Archive for September, 2012

Steeple Envy, by Victor Cuccia

Posted in Book Review with tags , , on September 10, 2012 by seguewm

The author, like so many who write about the church these days, presents his dire assessment of religion. It is much more of a description, declaring what he ‘sees’ has, is, and will most likely be the path of Christianity – if we don’t do something about it – than a solution. There is little to disagree with.

The author openly confesses, through various anecdotes, how he has himself responded to American commodified religiosity. He makes it clear that he doesn’t have all the answers and is still on his journey of discovery – flirting, maybe, even with a ‘second naivete’. Some of us may be in that same transitional boat.

Cuccia compares what he believes the Bible has really called us to as followers of Jesus to what has been the predominant practice of religion. He doesn’t hesitate to apply the caustic woes preached by Jesus against the Pharisees, to the Pharisaical folks of our day.

Overall, it seems clear that the author has moved well out of a first naivete, and is finding it – at this point – rather cathartic to label what he has left behind. Many will need this book to identify where they are – and to find hope that there is ‘something better’ ahead. A few will find this book a rather tedious revisiting of old gripes they have long left behind now that they have actually entered the ‘something better’.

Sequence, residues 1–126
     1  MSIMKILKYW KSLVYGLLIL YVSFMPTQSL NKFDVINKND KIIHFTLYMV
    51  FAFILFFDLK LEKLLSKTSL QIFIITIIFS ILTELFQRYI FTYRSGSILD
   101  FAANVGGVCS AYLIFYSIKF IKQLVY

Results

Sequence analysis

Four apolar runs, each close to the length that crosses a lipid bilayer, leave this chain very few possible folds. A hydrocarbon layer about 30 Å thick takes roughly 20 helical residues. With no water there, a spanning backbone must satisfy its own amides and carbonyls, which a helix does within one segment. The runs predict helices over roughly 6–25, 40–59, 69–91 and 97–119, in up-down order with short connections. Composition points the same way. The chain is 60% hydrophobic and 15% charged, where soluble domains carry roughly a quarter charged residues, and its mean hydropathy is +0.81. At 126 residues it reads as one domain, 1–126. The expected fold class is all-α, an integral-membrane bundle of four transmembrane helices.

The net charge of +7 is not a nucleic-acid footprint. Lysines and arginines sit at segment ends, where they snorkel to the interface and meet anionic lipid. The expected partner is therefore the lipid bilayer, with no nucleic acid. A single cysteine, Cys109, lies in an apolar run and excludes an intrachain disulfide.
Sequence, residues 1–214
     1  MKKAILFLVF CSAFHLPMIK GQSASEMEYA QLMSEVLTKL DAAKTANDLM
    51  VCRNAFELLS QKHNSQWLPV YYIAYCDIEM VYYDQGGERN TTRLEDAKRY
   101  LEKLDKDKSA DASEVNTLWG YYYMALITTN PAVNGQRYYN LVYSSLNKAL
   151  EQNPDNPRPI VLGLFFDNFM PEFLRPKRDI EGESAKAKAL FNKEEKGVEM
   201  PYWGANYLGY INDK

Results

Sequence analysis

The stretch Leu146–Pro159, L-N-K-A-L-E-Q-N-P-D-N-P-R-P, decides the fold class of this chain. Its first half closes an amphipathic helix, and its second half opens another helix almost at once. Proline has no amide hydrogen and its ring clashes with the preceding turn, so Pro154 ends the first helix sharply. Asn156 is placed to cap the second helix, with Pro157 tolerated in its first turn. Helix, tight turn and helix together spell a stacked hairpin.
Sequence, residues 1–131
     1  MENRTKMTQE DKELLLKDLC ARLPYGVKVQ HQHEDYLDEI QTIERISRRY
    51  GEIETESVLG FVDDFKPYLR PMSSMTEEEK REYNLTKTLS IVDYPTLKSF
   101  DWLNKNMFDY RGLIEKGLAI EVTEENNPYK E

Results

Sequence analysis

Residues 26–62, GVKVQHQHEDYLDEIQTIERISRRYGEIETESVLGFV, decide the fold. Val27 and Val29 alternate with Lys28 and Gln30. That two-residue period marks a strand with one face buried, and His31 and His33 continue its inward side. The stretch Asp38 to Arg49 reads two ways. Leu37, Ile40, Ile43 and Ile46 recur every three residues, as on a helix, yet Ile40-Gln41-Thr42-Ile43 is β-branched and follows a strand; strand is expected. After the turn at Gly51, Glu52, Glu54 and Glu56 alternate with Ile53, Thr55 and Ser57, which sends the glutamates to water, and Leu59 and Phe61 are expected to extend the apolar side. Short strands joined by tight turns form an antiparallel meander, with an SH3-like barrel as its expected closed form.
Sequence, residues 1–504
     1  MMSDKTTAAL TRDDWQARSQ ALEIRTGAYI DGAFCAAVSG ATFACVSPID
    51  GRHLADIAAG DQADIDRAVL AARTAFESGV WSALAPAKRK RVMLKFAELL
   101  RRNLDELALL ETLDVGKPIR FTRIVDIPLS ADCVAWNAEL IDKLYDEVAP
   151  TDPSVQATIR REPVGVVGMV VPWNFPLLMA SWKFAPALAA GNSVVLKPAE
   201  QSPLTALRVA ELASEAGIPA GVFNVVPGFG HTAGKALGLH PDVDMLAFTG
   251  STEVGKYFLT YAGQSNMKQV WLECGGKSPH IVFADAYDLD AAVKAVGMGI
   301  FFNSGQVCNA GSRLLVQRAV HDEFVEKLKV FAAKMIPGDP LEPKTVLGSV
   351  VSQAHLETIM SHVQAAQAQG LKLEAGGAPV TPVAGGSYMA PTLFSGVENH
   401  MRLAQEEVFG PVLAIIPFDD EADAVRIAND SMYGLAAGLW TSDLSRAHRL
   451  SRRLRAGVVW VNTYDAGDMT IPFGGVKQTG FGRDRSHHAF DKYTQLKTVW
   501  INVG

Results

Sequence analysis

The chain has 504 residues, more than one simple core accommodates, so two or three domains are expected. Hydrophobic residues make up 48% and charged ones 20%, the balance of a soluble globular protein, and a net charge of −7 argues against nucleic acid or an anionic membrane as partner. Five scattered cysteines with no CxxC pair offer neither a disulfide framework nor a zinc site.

It is rather comically ironic that the Amazon listing of this book links to companies selling steeples just before you reach the reviews of Cuccia’s book. One such ad says, ‘over 25 years of satisfied church steeple customers’. The automatic computer-driven association between the word ‘steeple’ in the book title and steeple’s for sale underscores, as a metaphor, the very premise of his book – the ‘mindless’ ways that we practice religion.


The River, by Michael Neale

Posted in Book Review with tags , on September 9, 2012 by seguewm

An intriguing and inspiring book that follows a character, Gabriel, from early childhood through young adulthood as he wrestles with an early traumatic loss and discover how to really live.

We all carry some baggage from our past – whether knowingly or unwittingly. Our ‘baggage’ – whatever it may be – often becomes an obstacle, paralyzing us from pursuing opportunities that present themselves to us. Yet it doesn’t have to be that way. There is a way through our ‘stuff’. Sometimes the way is made clear by friends and sometimes we get clarity by having the courage to face our fears.

If you are looking for a consistently logical and unrelentingly realistic book, this isn’t for you. This story blends fact and metaphor, inviting the reader to meta-think, to imagine. Neale develops a picture that is greater than the sum of the parts. It is a story that is designed to move you from out of its wholeness rather than from out of any particular paragraph separated from the whole. By the time you reach the end of the book you’ll most likely say, ‘wow!’

This book was given to me to review by Thomas Nelson Publishers. I am not paid to review it, nor asked to give any particular pro or con review.